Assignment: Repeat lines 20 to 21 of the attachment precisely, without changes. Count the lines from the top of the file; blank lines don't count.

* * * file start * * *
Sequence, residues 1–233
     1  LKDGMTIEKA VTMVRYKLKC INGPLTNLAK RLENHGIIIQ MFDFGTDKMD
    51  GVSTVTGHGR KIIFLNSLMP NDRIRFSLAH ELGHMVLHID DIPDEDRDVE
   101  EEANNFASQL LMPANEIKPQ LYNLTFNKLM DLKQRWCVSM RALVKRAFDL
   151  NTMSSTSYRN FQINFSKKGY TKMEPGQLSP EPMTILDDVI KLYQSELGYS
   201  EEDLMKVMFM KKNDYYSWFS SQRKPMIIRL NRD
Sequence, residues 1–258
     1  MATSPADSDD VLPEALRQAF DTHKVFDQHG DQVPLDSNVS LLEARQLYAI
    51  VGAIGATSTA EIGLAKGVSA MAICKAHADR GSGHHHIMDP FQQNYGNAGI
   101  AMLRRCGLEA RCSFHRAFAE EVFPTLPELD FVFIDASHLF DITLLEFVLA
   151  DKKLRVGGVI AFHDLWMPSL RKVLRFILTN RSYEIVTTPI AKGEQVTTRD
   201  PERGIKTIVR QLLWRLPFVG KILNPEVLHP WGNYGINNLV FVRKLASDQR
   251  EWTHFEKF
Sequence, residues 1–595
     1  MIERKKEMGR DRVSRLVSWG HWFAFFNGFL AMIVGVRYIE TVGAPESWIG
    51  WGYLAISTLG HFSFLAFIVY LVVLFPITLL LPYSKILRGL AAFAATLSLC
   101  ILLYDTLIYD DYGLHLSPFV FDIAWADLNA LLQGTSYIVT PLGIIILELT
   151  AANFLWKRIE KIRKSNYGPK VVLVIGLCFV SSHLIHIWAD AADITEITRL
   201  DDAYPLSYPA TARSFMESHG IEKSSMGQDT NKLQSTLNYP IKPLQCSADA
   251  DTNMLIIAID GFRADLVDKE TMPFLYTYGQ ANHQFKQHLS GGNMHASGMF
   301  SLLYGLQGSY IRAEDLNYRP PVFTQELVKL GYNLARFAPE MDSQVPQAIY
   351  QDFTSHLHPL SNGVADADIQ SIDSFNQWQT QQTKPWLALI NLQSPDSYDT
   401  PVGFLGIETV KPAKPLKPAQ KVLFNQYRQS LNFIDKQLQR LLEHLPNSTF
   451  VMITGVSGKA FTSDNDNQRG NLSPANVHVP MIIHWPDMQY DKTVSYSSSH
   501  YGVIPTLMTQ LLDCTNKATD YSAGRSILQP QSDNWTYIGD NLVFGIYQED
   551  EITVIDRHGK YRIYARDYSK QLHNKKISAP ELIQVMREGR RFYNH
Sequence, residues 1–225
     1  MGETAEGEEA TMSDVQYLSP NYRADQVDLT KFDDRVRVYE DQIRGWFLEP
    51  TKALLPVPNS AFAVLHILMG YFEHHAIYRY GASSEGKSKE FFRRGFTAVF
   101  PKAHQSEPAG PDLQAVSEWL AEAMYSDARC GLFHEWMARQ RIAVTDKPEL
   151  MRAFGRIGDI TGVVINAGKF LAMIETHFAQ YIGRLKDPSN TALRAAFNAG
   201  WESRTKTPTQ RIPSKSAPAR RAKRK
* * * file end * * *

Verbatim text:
   251  DTNMLIIAID GFRADLVDKE TMPFLYTYGQ ANHQFKQHLS GGNMHASGMF
   301  SLLYGLQGSY IRAEDLNYRP PVFTQELVKL GYNLARFAPE MDSQVPQAIY